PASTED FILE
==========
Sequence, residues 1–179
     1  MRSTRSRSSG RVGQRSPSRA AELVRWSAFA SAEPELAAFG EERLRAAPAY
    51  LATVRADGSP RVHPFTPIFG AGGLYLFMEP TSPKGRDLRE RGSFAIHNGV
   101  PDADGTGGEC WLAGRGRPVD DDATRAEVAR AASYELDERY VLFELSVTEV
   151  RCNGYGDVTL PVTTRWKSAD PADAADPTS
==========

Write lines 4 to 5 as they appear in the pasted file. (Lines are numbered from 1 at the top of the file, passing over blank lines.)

   101  PDADGTGGEC WLAGRGRPVD DDATRAEVAR AASYELDERY VLFELSVTEV
   151  RCNGYGDVTL PVTTRWKSAD PADAADPTS